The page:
Recently a "haswell" sub-arch was introduced to be similar to the old i686 subarch for x86. It is documented as requiring BMI1, BMI2, LZCNT, MOVBE, POPCNT, AVX2 and FMA, but undocumented also checks the CPU is an Intel CPU before using the faster paths.
Considering this is very similar to the old scandal of the Intel compiler, I would suggest glibc fixes that before it becomes public knowledge.
We fix performance issues as they are identified, see bug 19467 for an example.
However, changes in this area require a deep understanding of CPU architecture (and, preferably, future plans, so that deployed code does not take a performance hit when switching to newer CPUs). Just because something is implemented at the instruction set level doesn't mean the implementation is efficient. For example, the first CPU generation with wider vector registers often still uses old, narrower execution units, so not using the wider registers can be more efficient.
What does that comment have to do with the fact that you are providing the optimized path to all Intel CPUs including future ones if they implement the necessary extensions, but deliberately do not give AMD processors the same fast path?
Current gen AMD cpus are more likely to benefit from Haswell optimized binaries than some future Intel chip, or mobile Intel chip.
And please note that I am talking about the picking up of 3rdparty libraries would potentially to use this new sub-arch dir 'lib64/haswell', I am not talking about glibc internal CPU scheduling which is completely separate and very much optimized for every arch.
It is a specific line of code that is wrong here cpu_features.c:400.
Okay, fell free to bring this up on libc-alpha. Let's see what the Intel and AMD maintainers think.
FWIW, I verified that with glibc 2.28, the "haswell" subdirectories are not searched on an AMD EPYC 7251 CPU.
*** Bug 24979 has been marked as a duplicate of this bug. ***
Sorry to necro an old thread but I wanted to know if there was any more discussion around this?
I patched cpu-features.c to allow arch_kind_amd cpus to match the haswell platform definition and have been getting good very good performance results with the glibc-bench benchmarks as well as a haswell optimized openblas which in turn improved results for R and octave (on a znver2 cpu).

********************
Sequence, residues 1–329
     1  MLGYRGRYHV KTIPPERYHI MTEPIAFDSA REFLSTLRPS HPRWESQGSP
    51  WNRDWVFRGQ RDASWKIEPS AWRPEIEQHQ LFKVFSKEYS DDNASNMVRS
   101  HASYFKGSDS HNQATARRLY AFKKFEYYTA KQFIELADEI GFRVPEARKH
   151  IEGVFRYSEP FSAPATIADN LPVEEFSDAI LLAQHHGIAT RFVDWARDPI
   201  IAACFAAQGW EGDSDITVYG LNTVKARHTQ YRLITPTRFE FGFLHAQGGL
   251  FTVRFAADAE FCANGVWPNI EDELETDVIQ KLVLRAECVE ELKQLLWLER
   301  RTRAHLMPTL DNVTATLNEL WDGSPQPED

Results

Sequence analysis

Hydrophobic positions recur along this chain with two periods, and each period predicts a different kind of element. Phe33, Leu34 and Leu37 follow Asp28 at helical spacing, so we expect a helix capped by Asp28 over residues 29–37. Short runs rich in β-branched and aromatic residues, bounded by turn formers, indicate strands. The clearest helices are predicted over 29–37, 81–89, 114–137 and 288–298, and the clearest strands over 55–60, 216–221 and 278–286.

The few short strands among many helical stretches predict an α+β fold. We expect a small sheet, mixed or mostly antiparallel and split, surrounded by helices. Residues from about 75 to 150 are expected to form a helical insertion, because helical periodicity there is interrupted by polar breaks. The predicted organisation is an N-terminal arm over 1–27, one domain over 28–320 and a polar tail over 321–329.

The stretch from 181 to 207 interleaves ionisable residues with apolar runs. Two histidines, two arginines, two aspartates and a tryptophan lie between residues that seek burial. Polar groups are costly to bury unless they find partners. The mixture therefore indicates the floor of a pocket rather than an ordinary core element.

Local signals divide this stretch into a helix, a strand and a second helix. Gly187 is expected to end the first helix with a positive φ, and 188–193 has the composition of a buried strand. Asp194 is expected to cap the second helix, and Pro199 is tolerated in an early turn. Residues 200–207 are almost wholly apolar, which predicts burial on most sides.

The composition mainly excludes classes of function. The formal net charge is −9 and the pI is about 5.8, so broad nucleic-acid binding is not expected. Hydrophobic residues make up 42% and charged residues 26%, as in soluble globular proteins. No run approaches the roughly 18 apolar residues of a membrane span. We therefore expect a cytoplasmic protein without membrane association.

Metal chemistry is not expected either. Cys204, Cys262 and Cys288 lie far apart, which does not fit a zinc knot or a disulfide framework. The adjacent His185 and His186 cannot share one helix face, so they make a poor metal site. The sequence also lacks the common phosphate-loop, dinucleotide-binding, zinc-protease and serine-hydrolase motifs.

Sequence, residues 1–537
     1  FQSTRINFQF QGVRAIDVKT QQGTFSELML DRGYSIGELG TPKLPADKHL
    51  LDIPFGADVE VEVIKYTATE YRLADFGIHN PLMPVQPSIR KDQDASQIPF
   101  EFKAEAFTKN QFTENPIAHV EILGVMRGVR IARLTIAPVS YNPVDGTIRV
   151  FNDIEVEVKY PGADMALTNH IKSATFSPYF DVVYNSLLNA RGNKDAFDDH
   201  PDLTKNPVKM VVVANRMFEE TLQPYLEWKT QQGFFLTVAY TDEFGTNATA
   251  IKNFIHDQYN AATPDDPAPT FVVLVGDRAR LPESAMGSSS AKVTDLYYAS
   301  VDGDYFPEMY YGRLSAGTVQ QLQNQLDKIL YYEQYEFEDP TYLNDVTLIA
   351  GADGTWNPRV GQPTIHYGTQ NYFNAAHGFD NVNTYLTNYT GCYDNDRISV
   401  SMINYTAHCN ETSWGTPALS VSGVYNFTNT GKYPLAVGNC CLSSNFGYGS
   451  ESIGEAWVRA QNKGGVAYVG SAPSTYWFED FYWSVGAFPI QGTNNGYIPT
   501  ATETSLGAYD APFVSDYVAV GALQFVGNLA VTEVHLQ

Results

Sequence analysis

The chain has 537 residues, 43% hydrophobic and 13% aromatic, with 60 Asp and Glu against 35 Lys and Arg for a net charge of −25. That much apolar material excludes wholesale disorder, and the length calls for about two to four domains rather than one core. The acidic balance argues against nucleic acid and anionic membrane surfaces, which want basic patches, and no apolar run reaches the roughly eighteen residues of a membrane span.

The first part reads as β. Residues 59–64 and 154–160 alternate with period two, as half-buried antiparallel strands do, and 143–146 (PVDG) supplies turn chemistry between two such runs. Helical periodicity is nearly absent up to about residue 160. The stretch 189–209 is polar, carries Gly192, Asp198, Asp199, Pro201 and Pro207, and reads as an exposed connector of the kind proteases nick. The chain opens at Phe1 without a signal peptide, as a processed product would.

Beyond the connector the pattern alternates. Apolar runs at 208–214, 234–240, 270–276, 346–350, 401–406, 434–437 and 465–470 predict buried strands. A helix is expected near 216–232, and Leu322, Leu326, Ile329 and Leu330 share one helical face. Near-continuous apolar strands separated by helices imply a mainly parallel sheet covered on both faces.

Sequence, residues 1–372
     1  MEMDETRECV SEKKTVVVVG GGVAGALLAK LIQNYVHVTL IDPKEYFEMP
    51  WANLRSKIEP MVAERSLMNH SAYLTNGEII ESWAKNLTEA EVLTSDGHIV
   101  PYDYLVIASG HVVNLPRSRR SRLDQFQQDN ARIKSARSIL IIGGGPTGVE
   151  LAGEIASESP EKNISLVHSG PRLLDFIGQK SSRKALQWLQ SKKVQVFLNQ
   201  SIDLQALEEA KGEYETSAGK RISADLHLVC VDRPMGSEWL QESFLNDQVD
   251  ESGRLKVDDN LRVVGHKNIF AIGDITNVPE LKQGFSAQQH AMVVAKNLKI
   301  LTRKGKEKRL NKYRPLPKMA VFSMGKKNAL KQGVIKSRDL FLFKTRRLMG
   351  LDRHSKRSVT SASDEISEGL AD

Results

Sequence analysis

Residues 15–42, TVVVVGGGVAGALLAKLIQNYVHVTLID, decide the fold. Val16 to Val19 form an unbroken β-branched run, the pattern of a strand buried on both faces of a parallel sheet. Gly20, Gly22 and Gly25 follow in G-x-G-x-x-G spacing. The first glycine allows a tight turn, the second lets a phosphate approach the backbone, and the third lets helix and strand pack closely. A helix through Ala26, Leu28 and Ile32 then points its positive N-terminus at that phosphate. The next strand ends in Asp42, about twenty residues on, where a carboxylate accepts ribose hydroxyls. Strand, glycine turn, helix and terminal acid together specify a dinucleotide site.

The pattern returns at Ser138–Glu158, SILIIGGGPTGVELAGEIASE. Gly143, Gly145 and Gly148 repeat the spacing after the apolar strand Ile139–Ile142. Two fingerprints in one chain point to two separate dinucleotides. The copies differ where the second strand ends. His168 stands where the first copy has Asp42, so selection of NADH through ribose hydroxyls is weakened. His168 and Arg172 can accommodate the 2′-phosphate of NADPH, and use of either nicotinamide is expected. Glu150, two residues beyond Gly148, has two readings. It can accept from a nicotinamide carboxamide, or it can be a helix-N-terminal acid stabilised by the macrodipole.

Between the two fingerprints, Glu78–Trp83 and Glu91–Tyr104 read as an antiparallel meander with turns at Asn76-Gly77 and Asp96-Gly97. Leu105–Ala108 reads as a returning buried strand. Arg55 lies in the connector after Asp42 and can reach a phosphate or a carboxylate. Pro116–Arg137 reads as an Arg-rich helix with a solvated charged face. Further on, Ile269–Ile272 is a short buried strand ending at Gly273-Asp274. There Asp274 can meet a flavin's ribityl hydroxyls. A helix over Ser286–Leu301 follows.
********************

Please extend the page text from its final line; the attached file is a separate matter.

It seems intel as already has done most of the hard work for amd here?
(In reply to Joey Riches from comment #7)
> Sorry to necro an old thread but I wanted to know if there was any more
> discussion around this?
I'm still blocked until I get definitive feedback from AMD.
I'm happy to report that I've been in contact with the right people at AMD for a while.
I do not know yet what the exact outcome will be (if the “haswell” directory will be used), but there will be a way to automatically load AVX2-optimized libraries on AMD CPUs as well.
I surveyed the existing code and wrote a summary:
hwcaps subdirectory selection in the dynamic loader
I agree that a "generational" revision scheme would be helpful in the long run. For that information we can consult compiler databases (gcc/gcc/common/config/i386/i386-common.c + gcc/config/i386/i386.h or llvm/clang/include/clang/Basic/X86Target.def) and make some sort of table to work with.
The LLVM project's version seems to already imply a generational scheme, although they appear to be taking a lot of liberties by eliding a lot of the stuff they don't use. They also don't seem to care about less-used stuff like VIA.
The GCC database does include the VIA CPUs, but the part about eden-x4 not having any sort of AVX is a bit dubious. Hell, their documentation mentions it having AVX2...
Regarding VIA, the GCC onlinedocs say that eden-x4 supports AVX and AVX2, but as you have pointed out, they are not enabled in GCC's i386-common.c. I have had a look at CPUID dump from the instlatx64 project for an eden-x4 (see http://users.atw.hu/instlatx64/CentaurHauls/CentaurHauls00006FE_CNR_Isaiah_CPUID.txt ) and if I decode it correctly, the GCC onlinedocs also miss some supported instruction sets: MOVBE, POPCNT, AES, PCLMUL, FSGSBASE, RDRND, BMI, BMI2 and F16C.
This means that all instruction sets listed for Haswell should be supported except for FMA.
As far as I can tell, if RDRND is also removed from the list, this is the least common denominator among all AVX2 cpus (technically bdver4 supports RDRND, but Linux disables it by default due to buggy BIOS support, see https://git.kernel.org/pub/scm/linux/kernel/git/torvalds/linux.git/commit/?id=c49a0a80137c7ca7d6ced4c812c9e07a949f6f24)
> Regarding VIA, the GCC onlinedocs say that eden-x4 supports AVX and AVX2, but as you have pointed out, they are not enabled in GCC's i386-common.c.
I have reported the problem to gcc as https://gcc.gnu.org/bugzilla/show_bug.cgi?id=95030. Let me forward your cpuid links.
(In reply to Mingye Wang from comment #13)
> > Regarding VIA, the GCC onlinedocs say that eden-x4 supports AVX and AVX2, but as you have pointed out, they are not enabled in GCC's i386-common.c.
> I have reported the problem to gcc as
> https://gcc.gnu.org/bugzilla/show_bug.cgi?id=95030. Let me forward your
> cpuid links.
Thanks for forwarding the information. I just realized that when I had a look at the CPUID dump, I overlook something, as I only focussed on the instruction sets list for haswell, but the eden-x4 actually supports a few more that are not in that list: PREFETCHW, RDSEED, ADX, ABM, XSAVE, and maybe also XSAVEOPT and XSAVEC, but I am not sure about the latter two.